By Robin Gomes
Thousands of Catholics are among 13 million people who have lost homes, crops and livestock after a powerful cyclone ravaged the coastal region of eastern India’s West Bengal state.
17,000 Catholics affected
Some 17,000 Catholics of Baruipur Diocese are among the worst affected by Cyclone Amphan, which tore through the southern districts of West Dinajpur, South 24 Parganas and North 24 Parganas on 20 May.
“Our people have practically lost everything,” said Father Parimal Kanji, social work director of the largely rural diocese, which mostly covers South 24 Parganas district, the worst-hit area in the state.
Baruipur Diocese also includes portions of North 24 Parganas and part of Kolkata metropolis.
The south-eastern extremity of the district is known for the mangrove swamps of the Sunderbans, most of which is in coastal Bangladesh, whose forests are the habitat of the famous Royal Bengal Tiger.
Father Kanji told UCA News that phone communication was restored only on on the morning of 25 May. Until then, they could get little information directly from the people regarding the situation.
The cyclone has destroyed houses, crops and livestock in at least 24 parishes. “Their churches are also damaged,” Father Kanji said.
Of the 24 parishes, “ten are in the most affected coastal areas, and all of them suffered serious damage. The roof of a church was blown away,” he said.
“These parishioners are poor people eking out a living mostly from fishing, farming and collecting honey and other produce from the forest.” Their houses were reduced to mud in the rain and the storm, he added.
Some 300,000 fishermen have lost their fishing gear. They have now taken shelter in government relief camps and other safe places, the priest said.
West Bengal state government said the cyclone has affected 13 million people in nine districts in the state, which has 90 million people in 23 districts.
Several villages continue without electricity and communication lines.
More than one million houses collapsed, crops covering 100,000 hectares have been lost, and close to one million livestock died in the cyclone, hitting the livelihoods of the poor, according to government data.
“That’s just an initial estimate and the losses could be much more,” said Father Kanji, who appealed to people to be generous in helping victims return to normal life.
The Catholic mission in South 24 Parganas was the enterprise of Belgian Jesuits in the 1860s, who were followed by Yugoslav Jesuits. Formerly under the jurisdiction of Calcutta Archdiocese, the territory was separated in 1978 to form Baruipur Diocese.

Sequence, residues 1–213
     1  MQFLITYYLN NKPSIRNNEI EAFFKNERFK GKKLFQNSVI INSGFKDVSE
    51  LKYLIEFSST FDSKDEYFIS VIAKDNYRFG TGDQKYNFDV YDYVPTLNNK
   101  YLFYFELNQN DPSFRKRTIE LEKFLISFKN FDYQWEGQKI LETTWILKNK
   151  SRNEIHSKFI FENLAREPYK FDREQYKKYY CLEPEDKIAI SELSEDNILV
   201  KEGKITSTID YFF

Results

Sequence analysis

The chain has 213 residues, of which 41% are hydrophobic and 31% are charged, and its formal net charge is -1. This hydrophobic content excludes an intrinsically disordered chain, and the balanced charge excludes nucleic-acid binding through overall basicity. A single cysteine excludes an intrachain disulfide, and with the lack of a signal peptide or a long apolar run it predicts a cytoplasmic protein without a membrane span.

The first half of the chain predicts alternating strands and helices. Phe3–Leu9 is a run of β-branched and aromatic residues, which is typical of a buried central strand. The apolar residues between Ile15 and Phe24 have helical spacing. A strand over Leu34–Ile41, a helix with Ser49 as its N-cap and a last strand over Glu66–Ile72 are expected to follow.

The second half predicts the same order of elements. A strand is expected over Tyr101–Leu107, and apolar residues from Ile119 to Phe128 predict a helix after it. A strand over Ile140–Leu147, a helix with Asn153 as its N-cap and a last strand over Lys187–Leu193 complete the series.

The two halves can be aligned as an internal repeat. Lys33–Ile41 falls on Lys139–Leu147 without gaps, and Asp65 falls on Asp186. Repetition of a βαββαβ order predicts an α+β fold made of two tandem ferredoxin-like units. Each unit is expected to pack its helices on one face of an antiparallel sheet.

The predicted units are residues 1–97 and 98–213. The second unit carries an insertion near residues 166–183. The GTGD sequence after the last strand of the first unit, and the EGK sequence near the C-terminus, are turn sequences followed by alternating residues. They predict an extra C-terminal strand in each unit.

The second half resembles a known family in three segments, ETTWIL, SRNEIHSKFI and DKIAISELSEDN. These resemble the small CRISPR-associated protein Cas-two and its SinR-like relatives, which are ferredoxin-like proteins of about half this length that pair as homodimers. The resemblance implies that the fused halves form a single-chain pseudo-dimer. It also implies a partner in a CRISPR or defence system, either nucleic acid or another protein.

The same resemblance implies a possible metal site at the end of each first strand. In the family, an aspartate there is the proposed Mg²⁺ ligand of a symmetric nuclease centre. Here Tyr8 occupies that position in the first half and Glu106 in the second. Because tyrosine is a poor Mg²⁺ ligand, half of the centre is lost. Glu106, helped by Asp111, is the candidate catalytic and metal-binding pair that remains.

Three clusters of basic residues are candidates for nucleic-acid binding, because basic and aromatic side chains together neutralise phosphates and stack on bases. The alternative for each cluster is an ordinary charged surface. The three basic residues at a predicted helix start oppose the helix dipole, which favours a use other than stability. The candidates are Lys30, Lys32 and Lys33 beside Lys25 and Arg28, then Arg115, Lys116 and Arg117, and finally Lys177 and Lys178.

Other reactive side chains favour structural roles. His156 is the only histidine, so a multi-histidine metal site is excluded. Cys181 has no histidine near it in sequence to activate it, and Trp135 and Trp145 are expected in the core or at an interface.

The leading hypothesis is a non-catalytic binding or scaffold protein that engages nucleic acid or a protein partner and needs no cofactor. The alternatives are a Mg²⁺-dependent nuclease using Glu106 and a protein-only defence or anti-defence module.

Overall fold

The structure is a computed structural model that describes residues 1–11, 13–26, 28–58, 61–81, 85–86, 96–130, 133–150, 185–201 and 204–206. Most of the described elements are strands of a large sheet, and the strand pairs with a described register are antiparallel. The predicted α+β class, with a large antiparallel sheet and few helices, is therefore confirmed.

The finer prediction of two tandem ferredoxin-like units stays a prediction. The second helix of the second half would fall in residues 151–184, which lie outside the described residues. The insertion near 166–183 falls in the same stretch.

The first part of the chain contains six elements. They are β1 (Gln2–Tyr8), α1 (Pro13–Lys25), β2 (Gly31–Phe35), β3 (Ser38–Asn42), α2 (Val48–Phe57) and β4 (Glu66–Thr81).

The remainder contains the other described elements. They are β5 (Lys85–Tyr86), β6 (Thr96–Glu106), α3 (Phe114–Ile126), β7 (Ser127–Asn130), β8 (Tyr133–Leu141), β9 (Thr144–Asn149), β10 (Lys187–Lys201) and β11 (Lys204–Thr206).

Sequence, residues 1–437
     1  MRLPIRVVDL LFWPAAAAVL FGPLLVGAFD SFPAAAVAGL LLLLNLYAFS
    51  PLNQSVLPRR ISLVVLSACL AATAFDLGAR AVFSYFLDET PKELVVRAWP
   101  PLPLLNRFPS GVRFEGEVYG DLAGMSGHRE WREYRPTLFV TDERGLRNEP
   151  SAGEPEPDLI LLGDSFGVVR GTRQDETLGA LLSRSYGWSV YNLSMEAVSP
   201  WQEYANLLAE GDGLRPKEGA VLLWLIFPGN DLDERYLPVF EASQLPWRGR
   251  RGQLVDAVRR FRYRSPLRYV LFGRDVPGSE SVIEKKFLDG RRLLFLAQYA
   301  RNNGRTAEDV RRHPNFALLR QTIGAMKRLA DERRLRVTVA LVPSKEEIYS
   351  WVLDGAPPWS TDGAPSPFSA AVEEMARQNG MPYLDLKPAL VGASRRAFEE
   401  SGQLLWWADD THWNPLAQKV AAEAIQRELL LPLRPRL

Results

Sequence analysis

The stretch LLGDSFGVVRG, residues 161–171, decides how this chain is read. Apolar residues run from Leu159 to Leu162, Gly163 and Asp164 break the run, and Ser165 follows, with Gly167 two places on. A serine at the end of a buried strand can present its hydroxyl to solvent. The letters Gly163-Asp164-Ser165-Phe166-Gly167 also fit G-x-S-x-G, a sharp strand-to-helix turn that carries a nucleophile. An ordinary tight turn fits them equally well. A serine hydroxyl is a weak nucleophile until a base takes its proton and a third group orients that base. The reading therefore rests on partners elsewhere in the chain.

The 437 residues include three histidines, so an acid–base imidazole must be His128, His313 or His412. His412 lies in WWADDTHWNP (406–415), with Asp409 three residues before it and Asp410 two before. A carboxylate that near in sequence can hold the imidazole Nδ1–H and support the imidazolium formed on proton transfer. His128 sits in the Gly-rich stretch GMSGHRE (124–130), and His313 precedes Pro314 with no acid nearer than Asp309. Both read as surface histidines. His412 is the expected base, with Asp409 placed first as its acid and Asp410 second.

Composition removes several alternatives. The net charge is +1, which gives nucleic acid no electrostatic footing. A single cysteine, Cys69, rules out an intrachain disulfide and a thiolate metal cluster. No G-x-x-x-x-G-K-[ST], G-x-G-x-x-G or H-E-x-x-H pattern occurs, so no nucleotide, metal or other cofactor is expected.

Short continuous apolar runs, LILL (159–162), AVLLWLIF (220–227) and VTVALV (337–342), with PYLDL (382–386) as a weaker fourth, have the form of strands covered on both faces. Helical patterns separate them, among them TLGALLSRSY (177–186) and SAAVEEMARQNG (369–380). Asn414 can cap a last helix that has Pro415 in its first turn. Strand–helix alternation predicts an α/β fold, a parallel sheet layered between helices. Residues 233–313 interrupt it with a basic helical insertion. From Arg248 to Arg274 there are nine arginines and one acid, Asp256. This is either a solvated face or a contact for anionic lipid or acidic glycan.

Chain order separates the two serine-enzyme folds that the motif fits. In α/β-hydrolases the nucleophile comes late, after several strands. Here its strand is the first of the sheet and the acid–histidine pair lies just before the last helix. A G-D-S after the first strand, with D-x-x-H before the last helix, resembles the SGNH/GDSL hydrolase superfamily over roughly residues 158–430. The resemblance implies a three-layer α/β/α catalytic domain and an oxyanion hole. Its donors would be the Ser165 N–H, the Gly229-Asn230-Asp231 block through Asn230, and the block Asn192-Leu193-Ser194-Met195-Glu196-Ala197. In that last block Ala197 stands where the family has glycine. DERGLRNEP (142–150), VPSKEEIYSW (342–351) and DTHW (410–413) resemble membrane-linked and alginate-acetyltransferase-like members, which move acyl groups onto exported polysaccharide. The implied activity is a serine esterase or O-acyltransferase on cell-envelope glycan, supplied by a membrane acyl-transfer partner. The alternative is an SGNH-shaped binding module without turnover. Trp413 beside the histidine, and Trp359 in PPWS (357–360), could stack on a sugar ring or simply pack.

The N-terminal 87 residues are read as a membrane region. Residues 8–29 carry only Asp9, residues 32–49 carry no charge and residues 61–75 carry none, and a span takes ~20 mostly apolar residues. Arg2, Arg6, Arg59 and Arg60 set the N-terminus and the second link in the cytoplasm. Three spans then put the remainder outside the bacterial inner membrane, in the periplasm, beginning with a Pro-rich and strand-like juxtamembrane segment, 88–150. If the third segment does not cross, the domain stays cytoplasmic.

Earlier this month on May 4, Bishop Salvadore Lobo of Baruipur retired. Coadjutor Bishop Shyamal Bose succeeded him, becoming the third bishop of the diocese.
There are more than 62,800 Catholics in the diocese according to 2018 estimates.
The Catholic Church’s service arms, such as Catholic Relief Service and Caritas India, are working with local parishes to provide immediate assistance to the cyclone’s victims.
“We have started distributing food to at least 2,000 people in vulnerable localities,” said Father Franklin Menezes, social work director of the Archdiocese of Calcutta based in the state capital Kolkata.
“Many people in the city are starving and thirsty as they don’t have drinking water after floods contaminated open wells and other water sources. Many have bore-wells but cannot pump for want of electricity,” he told UCA News on May 25.
In a circular, Archbishop Thomas D’Souza of Calcutta asked parish priests and other religious congregations to do “whatever is possible” within their capacity “to help the needy urgently,” “irrespective of caste and creed”. “It is time to respond to this challenge,” he said, urging relief workers to “observe strictly the Covid-19 guidelines”, such as social distancing and wearing face masks.
Many churches, convents and other Catholic institutions in Kolkata suffered losses.
“The diocese is trying to gather materials to augment its food delivery. We want to feed at least 10,000 people, increasing from the current number of 2,000,” Father Menezes said.
The cyclone uprooted hundreds and thousands of trees and blocked roads. The government and church social workers are unable to reach interior villages, Father Menezes said.
“The situation is pathetic and it will take some time to restore normalcy,” he added. (Source: UCANEWS)